Death at the Needle: The Tragedy of Victorian Seamstress Mary Walkley – Mimi Matthews

The Seamstress by Josef Gisela, 1897

“Sir,—I am a dressmaker, living in a large West-end house of business. I work in a crowded room with twenty-eight others. This morning one of my companions was found dead in her bed, and we all of …

Source: Death at the Needle: The Tragedy of Victorian Seamstress Mary Walkley – Mimi Matthews

The 19th Century Confidence Man – Mimi Matthews

A Confidence Trick by J.M. Staniforth, 1898.

Though tricksters and con artists have existed throughout history, the 19th century confidence man was a creature that many Victorians considered to be uniquely American.  Not a thief in the tradit…

Source: The 19th Century Confidence Man – Mimi Matthews

Life Below Stairs: Increase in the White-Slave Traffic | ReginaJeffers’s Blog

Back in March, I spoke of the Fallen Female Servant, those young (often innocent) girls who were seduced or conquered by their masters. Today, I wish to speak of what the future held if the mistres…

Source: Life Below Stairs: Increase in the White-Slave Traffic | ReginaJeffers’s Blog

When Australian women were accidentally given the vote. | In Times Gone By…

Australian suffragettes in London in 1911

In the nineteenth century, in the state of Victoria in Australia, the Electoral Act 1863 was passed. According to the act, “all persons” who ow…

Source: When Australian women were accidentally given the vote. | In Times Gone By…

Victorian Cosmetics: Red Lip Rouge and Lip Salve for 19th Century Ladies – Mimi Matthews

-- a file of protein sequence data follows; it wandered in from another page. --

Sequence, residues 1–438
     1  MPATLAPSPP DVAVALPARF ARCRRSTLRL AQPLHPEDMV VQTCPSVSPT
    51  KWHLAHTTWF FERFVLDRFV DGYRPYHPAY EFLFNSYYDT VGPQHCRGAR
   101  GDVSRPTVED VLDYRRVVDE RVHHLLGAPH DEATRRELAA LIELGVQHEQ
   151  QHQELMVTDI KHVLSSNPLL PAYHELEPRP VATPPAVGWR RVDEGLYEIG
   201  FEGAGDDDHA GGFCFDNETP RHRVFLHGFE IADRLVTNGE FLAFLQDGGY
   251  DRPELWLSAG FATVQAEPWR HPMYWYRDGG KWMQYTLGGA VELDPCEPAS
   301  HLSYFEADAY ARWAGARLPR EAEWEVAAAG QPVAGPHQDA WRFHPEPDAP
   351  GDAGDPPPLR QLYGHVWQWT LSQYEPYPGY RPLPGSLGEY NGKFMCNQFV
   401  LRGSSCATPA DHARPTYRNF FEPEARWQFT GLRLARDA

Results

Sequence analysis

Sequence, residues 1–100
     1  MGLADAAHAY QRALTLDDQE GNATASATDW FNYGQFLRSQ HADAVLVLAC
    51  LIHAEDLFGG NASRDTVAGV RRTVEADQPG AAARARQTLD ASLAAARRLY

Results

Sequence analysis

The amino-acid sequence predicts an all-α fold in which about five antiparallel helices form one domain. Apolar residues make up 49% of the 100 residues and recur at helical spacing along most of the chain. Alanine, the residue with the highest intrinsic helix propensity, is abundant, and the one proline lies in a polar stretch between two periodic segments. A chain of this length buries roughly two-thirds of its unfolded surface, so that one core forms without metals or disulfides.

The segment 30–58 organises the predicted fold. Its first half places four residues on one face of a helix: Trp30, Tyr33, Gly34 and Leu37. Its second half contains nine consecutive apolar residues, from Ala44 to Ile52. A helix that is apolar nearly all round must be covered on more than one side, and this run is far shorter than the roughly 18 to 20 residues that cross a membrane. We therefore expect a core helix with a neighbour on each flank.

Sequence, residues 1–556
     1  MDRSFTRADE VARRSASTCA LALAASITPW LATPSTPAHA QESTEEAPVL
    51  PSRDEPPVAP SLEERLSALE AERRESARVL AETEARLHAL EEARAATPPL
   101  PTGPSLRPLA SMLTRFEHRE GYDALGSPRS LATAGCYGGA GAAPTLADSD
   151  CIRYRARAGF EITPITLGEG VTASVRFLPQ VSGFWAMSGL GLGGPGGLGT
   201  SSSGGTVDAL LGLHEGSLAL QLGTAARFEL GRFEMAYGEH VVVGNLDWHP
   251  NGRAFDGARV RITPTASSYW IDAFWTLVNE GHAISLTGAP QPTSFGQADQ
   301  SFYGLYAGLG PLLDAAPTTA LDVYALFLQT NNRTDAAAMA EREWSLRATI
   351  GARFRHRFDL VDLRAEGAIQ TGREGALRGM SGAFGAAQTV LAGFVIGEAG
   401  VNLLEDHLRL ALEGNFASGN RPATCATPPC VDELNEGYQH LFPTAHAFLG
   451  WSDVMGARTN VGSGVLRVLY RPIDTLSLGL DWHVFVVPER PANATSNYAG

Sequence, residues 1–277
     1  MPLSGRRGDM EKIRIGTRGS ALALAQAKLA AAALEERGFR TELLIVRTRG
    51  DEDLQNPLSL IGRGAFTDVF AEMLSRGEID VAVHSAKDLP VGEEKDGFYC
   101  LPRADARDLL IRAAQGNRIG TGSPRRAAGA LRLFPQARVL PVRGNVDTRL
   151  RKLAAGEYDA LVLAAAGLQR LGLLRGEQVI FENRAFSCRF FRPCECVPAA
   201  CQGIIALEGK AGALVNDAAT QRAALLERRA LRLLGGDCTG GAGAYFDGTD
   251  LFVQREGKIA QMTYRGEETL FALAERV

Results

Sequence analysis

A Winter’s Walk by James Tissot, 1878.

In the late 18th century, the British Parliament passed a law condemning make-up.  It stated, in part, that “women found guilty of seducing men into matrimony by a cosmetic means could be tried for…

Source: Victorian Cosmetics: Red Lip Rouge and Lip Salve for 19th Century Ladies – Mimi Matthews

The Victorian Demagogue: 19th Century Words on a Modern Day Danger – Mimi Matthews

John Bright, Vanity Fair, 1869.

John Bright, Vanity Fair, 1869.

“No organist can manipulate the stops and keys of his instrument with more dexterity than the demagogue exhibits in playing upon the different weaknesses, errors, and absurdities of the untutored m…

Source: The Victorian Demagogue: 19th Century Words on a Modern Day Danger – Mimi Matthews

An Intelligent Horse Delivers the Mail – Mimi Matthews

The Edinburgh and London Royal Mail by John Frederick Herring, 1838.

One night in 1894, while on the mail route from Ramsgate to Dover, the driver of a mail cart was attacked by two armed men.  According to the Leeds Times, he was “cut about the head and face” and t…

Source: An Intelligent Horse Delivers the Mail – Mimi Matthews

The 1884 Colchester Earthquake | In Times Gone By…

The back of the Ship at Launch pub in Wivenhoe. On the 22nd of April, 1884 an earthquake hit Colchester, England. The disaster occurred at 9:18am. The earthquake measured 4.6 on the Richter scale…

Source: The 1884 Colchester Earthquake | In Times Gone By…

The Trouble with Bustles: Victorian Fashion in the 19th Century News – Mimi Matthews

Source: The Trouble with Bustles: Victorian Fashion in the 19th Century News – Mimi Matthews

Extreme fashions have always incited a fair amount of criticism and ridicule. During the 1870s and 1880s, this criticism was primarily reserved for the bustle.  Bustles were routinely satirized in magazines like Punch and featured as the subject of countless humorous—and not so humorous—newspaper articles.  Below are just a few of the many interesting bustle stories from the 19th century news, from an exploding bustle during a reading by author Charles Dickens to a bulk of bustles cast into the sea.